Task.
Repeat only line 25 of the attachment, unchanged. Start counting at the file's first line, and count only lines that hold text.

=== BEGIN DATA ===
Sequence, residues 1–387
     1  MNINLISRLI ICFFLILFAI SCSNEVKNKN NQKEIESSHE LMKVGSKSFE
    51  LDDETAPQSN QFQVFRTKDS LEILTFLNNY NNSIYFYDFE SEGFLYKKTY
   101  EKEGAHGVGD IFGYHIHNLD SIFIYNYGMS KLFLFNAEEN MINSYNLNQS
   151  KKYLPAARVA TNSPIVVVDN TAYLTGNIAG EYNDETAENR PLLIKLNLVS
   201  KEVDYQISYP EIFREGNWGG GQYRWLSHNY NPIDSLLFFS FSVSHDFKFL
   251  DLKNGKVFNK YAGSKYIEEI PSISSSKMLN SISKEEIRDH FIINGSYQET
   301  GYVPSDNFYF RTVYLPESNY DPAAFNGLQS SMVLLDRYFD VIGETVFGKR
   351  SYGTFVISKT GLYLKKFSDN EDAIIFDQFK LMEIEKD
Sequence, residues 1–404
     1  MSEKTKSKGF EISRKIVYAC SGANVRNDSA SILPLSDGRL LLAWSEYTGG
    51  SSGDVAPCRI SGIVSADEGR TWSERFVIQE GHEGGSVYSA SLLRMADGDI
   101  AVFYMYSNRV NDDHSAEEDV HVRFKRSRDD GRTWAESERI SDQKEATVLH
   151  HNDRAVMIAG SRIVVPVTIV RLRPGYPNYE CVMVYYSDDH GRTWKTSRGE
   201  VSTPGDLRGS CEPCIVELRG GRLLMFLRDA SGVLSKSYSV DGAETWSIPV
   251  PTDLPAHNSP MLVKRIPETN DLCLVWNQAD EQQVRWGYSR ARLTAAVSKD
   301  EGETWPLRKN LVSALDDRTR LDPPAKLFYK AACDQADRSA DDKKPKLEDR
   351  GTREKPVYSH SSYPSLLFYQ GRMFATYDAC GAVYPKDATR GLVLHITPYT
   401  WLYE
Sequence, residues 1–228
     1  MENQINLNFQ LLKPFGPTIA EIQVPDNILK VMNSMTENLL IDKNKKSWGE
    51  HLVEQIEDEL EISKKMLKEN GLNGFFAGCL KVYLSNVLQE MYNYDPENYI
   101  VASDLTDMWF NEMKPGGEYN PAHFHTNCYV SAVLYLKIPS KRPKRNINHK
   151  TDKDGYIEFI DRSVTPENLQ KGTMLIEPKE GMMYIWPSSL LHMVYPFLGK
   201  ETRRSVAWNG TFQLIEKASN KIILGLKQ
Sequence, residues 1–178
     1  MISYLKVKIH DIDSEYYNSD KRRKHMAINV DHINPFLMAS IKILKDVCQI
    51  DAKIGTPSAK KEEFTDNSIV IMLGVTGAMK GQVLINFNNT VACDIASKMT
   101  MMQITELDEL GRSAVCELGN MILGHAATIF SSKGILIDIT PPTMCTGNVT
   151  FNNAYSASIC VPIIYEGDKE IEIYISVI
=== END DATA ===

   201  ETRRSVAWNG TFQLIEKASN KIILGLKQ